After his trial in August 1305, Wallace was hung, drawn and quartered at The Elms. Just in case you’re not sure what that entails: Wallace was stripped naked, dragged through the city by a horse, strangled by hanging but released while alive, emasculated, eviscerated with his bowels burned before him, beheaded and then cut into four parts (i.e. quartered). His preserved head was placed on a spike on London Bridge and his limbs were displayed separately in Newcastle upon Tyne, Berwick-upon-Tweed, Stirling, and Perth. Gulp.

6. Lamp on Carting Lane

Significance: London’s last remaining sewer lamp
Tube station: Charing Cross (Bakerloo and Northern Lines, walkable from Trafalgar Square)

(Image: Mike T, Creative Commons)

On Carting Lane just off the Strand stands a sole structure, said to be the last of London’s ‘sewer lamps’. The Webb Patent Sewer Gas Lamp was invented in the late 19th century and had a dual purpose: first, to burn off the smells from London’s sewer system and, second, to keep London lit in a cost-effective way. The lamp remains alight 24 hours a day and is said to be powered by guests staying at the nearby Savoy Hotel, prompting the nickname ‘Farting Lane’. It should be said that the original lamp was accidentally knocked down by a reversing lorry some years ago and was subsequently restored. It is now protected by Westminster Council.

7. Sloane Square Station

Significance: Carries part of the lost Westbourne river
Tube station: Sloane Square (Circle and District lines)

(Image: Oxyman, Creative Commons)

Westbourne River, a small Thames tributary, is one of London’s ‘lost rivers’, driven underground to make way for development. In the early 1800s when the areas of Belgravia, Chelsea and Paddington began to expand, it became necessary to direct Westbourne River underground in order to build over it. Expansion work completed in the 1850s and the river has remained lost ever since. The original pipe which carries the river can still be seen running above the platform of Sloane Square tube station. The station was bombed during the Battle of Britain in November 1940 but the old iron pipe remained intact.

8. White’s Row alley

Significance: Jack the Ripper’s hunting ground, once named “the worst street of London”
Tube station: Aldgate East (District and Hammersmith & City lines)

Dorset Street then

Dorset Street then (Image: Public Domain)

Dorset Street has undergone many a transformation over the years which is understandable given that it was once known as “the worst street of London”, occupied by criminals and unsavouries. Notorious killer Jack the Ripper claimed a victim there, setting the scene for several other gruesome murders. In 1904, it was renamed ‘Duval Street’ in an effort to shed its shady past and later levelled and developed into a car park. Today, it’s said to be an unnamed private alley running between a car park and some warehouses, just north of White’s Row.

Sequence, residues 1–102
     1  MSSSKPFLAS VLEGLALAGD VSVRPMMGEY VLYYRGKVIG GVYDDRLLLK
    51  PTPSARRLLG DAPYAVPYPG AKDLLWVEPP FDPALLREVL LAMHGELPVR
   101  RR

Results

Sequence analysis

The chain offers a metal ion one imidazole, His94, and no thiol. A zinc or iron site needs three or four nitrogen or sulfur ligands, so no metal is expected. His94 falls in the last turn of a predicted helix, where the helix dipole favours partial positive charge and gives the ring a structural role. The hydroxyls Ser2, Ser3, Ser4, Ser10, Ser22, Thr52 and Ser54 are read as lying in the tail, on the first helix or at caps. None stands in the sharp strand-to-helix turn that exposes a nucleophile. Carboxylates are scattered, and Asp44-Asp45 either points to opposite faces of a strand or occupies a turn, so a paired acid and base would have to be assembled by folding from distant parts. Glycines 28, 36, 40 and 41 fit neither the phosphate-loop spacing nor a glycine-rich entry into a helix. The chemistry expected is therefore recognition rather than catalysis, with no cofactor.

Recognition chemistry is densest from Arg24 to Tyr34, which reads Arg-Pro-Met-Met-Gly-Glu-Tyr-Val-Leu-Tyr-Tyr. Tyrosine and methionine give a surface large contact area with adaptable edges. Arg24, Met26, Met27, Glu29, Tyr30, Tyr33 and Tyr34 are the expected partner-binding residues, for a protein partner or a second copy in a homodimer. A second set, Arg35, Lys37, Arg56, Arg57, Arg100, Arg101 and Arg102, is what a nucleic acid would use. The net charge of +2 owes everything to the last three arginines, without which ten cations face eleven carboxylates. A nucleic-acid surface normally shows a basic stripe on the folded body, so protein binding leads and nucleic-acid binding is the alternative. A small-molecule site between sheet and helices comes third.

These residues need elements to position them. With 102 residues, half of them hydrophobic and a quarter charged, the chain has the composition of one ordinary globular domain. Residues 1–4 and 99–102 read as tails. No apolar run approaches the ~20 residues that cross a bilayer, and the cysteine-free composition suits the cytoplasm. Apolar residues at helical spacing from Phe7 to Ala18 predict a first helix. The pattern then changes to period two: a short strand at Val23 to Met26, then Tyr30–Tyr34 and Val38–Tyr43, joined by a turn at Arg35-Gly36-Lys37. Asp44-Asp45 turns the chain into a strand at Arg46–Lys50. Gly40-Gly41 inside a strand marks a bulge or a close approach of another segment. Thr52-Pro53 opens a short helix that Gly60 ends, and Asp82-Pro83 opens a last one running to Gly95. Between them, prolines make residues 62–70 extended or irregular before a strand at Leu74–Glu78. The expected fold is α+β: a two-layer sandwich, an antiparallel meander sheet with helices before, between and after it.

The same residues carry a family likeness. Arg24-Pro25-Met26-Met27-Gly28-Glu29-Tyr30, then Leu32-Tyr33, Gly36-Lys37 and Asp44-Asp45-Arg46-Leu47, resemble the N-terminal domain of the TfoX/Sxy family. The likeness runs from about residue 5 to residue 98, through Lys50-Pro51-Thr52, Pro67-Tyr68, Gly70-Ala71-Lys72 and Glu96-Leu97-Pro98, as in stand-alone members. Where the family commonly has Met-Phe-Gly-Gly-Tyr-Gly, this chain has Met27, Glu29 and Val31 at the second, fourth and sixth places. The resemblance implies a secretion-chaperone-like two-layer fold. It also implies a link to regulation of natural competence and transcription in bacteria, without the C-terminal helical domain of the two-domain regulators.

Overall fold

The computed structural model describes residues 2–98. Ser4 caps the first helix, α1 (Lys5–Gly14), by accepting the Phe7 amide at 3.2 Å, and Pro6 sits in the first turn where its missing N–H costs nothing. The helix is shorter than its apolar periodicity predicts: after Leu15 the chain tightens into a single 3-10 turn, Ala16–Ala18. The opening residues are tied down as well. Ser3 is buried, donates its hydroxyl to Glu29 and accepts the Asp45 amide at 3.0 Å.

(Image: Matt Hucke, Creative Commons)

9. Trafalgar Square ‘Tardis’

Significance: London’s smallest Police station
Tube station: Charing Cross (Bakerloo and Northern Lines)

(Image: Kim Fyson, Creative Commons)

This tiny box on the corner of Trafalgar Square is (or was) London’s smallest Police station. Installed in 1926, the site served as a watch post from which Police could keep an eye on protesters and rioters who gathered in Trafalgar Square. The station, big enough for only one person, had a direct line to Scotland Yard as well ‘slits’ along the side, reportedly for shooting rioters. Today, if you peer through the windows, you won’t see a bobby but an impressive collection of mops. It’s used as a storage for the city’s cleaners. Or so we’re told.

10. The Pet Cemetery of Hyde Park

Significance: Home to over 300 deceased pets
Tube station: Marble Arch, Lancaster Gate or Queensway (Central Line), Hyde Park Corner (Piccadilly Line)

(Image: Caroline et Louis Volant, Creative Commons)

Hidden in the thick undergrowth behind Hyde Park’s Victoria Gate Lodge lies a pet cemetery home to over 300 deceased pets including dogs, cats, birds and even a monkey. Founded in 1880, this Victorian gem was reportedly started by accident when the gatekeeper Mr Winbridge allowed a local couple to bury their children’s dog there. The next year, he accommodated another request and another and another… The site is closed to the public but curious visitors can book a viewing through Hyde Park Police.

The London Pass gives you queue-free entry to over 60 top tourist attractions. Available for 1, 2, 3, 6 or 10 consecutive days, this single card makes sightseeing in London fun, affordable and blissfully hassle free.

london-pass

Very British Problems by Rob Temple is a hilarious insight into the British psyche.

(Additional photography: Dreamstime)